Heads bowed, students whispered among themselves as they pored over pages of multiple-choice and true-or-false questions.
At stake was not an A-level grade but school pride and a place in the quarter-finals of The Straits Times-Ministry of Education National Current Affairs Quiz. In short, The Big Quiz.
Yesterday, 23 pre-university institutions each sent a team of three students to the preliminary round of the inaugural contest co-organised by the newspaper and the ministry.
At the auditorium of the Singapore Press Holdings News Centre in Toa Payoh, they answered 50 questions based on news reports in The Straits Times this year - all within 30 minutes.
Some teams, like Hwa Chong Institution, chose to attempt the challenge question-by-question while others, like National Junior College (NJC) and Anglo-Chinese School (Independent), split the question paper among their members.
NJC first-year student Phua Tzai Wei, 17, found the questions 'quite challenging' but was confident about his team's prospects.
'All schools are equally strong. For all you know, maybe we could be the favourites,' he said, smiling.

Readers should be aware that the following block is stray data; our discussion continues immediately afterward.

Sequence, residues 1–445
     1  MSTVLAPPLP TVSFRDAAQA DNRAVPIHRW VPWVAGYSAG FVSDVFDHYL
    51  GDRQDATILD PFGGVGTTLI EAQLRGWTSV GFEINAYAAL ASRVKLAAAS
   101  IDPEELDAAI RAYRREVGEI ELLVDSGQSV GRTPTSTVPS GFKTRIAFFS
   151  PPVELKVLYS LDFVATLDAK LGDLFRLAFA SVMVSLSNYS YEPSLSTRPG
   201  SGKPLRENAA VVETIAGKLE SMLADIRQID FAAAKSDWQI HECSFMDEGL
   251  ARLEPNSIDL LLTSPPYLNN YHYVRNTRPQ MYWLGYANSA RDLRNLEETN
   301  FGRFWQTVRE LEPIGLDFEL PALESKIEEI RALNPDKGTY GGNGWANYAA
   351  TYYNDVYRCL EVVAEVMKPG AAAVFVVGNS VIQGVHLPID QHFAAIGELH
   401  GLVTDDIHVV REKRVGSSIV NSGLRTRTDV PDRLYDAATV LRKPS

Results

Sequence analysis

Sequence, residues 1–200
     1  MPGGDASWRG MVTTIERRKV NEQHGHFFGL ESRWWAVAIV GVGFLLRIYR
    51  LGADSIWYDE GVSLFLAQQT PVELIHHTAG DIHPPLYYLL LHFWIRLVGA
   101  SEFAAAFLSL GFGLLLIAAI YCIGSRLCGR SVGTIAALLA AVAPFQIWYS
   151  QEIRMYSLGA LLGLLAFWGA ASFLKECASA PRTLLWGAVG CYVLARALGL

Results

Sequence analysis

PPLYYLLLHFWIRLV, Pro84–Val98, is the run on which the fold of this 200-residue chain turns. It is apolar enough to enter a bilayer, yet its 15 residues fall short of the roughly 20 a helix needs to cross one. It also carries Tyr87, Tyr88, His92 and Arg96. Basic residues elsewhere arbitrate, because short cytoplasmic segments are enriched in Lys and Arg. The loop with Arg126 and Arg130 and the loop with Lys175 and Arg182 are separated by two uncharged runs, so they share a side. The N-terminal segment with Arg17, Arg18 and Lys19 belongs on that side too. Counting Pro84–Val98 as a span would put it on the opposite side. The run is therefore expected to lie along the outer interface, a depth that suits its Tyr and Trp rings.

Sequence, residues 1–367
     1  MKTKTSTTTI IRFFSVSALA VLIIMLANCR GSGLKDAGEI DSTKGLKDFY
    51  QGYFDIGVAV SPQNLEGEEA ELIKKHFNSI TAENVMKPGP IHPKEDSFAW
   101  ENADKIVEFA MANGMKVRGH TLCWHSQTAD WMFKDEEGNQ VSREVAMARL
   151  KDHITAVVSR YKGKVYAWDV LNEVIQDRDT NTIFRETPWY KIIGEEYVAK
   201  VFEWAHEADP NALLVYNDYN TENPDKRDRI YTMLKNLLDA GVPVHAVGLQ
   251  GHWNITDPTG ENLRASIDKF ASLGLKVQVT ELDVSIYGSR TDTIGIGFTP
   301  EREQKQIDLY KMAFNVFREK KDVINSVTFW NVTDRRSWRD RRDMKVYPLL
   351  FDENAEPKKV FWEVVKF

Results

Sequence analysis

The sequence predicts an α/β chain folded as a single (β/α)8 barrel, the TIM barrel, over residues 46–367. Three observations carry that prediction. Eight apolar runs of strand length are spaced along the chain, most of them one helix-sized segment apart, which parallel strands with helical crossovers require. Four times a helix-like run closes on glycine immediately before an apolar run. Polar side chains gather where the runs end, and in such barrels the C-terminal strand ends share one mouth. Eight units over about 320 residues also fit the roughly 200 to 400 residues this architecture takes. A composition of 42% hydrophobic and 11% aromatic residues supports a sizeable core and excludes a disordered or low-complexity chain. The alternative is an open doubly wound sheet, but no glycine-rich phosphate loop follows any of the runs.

His team's strategy: reading The Straits Times every day and assigning team members to do research on topics such as international news and sports.
Mr Simon Reynolds, MOE's assistant director of the English Language and Literature Branch, Curriculum Planning and Development Division, said the quiz was the 'icing on the cake' for the news outreach programme that led up to it.
The Big Quiz comes after six talks at various junior colleges that covered topics from sports to economics to politics. The Straits Times is also running a series of primers on different topics every Friday for use in classrooms.
Eighteen teams with the highest scores and shortest times will proceed to the quarter-finals next Wednesday. The results will be posted on the Big Quiz website by tomorrow.